12 May 2015

Costumed Visions Network Launch

By Shawn Harmon, David Lawrence and Gill Haddow

Superheroes and supervillains are human approximations possessed of abilities or capacities beyond those considered species-typical. While these beings may acquire their powers in a variety of ways, those empowered by genetic and/or techno-scientific means are of particular interest. The processes by which they gain their capabilities frequently approximate those which scientists are currently seeking to intervene in our physiology, or the way futurists are anticipating that our physiologies will be modified.

They can be distilled into the following archetypes:
  • Those who experienced an evolutionary jump or germ line genetic mutation at birth (e.g., mutants, or homo superior, such as Wolverine, Storm, and Colossus).
  • Those subject to an induced genetic transformation as a result of ethical or unethical science (e.g., mutated humans such as Captain America, She-Hulk, and Spider-Man).
  • Those who rely on implanted or overlaid technology that is somehow integrated with their organic beings (e.g., Deathlok, Misty Knight, and Cable).
  • Those who rely entirely on high technologies, typically worn externally (e.g., Iron Man, Guardian, and Vindicator). 
  • Those who are designed and rely on machine intelligence to achieve autonomous awareness (e.g., Danger, the Vision, and the Human Torch).
These archetypes encompass a number of approaches to, and realisations of, the enhanced human, and they are a useful device through which we can understand and critique different states of being and doing, some of which may be just over the horizon. Their visions of enhancement and social interaction offer popular and compelling imaginaries that can offer insights around existing practices, including those around social deployment of technologies, ethical and legal control of science and human interaction, and different forms of embodiment. In short, they offer a novel way to think about contemporary constructions of normative bodies, health, embodiment, and equality; one that is of interest to a wide range of publics not normally engaged with the academy.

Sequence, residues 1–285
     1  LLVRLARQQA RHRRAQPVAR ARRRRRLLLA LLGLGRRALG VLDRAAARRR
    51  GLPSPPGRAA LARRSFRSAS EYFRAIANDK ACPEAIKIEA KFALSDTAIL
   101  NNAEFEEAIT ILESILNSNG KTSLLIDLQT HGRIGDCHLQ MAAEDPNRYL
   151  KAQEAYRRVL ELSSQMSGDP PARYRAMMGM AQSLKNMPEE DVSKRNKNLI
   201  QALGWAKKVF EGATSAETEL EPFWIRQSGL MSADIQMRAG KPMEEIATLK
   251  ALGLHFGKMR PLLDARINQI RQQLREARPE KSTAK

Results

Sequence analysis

The Costumed Visions of the Enhanced Body project, funded by the Wellcome Trust, is a collaboration between the Institute for Science Ethics and Innovation at the University of Manchester, and the JK Mason Institute for Medicine, Life Sciences and Law at the University of Edinburgh. It will explore comics portrayals of the enhanced body, engaging with questions such as:
  • What do the depicted enhancements say about current ideas of treatment and enhancement? 
  • How are different embodiments treated, and what does that say about value or values?
  • How is science and technology portrayed, and are comics useful for science communication?
On 16 September 2015, at the Manchester Meeting Place, the project team (David Lawrence, Shawn Harmon, Gill Haddow) will join with other interested contributors (including Professor Scott Bukatman, Mr Dan Abnett, Professor Andy Miah, Dr Simon Locke, Mr Alan Cowsill, Mr Mik Scarlet, Dr David Kirby, Dr Thomas Giddens, and Dr Yasemin Erden) to undertake an interdisciplinary discussion around these questions. It will provide a unique lens through which to focus on persistent academic debates about embodiment and the ethics and regulation of enhancement.

Information on the meeting is available on the Mason Institute website.

Attendance at the meeting is free but ticketed, and registration is through Eventbrite.

If you wish to join the Costumed Visions Network, please contact David Lawrence (david.lawrence@manchester.ac.uk) or Shawn Harmon (shawn.harmon@ed.ac.uk).

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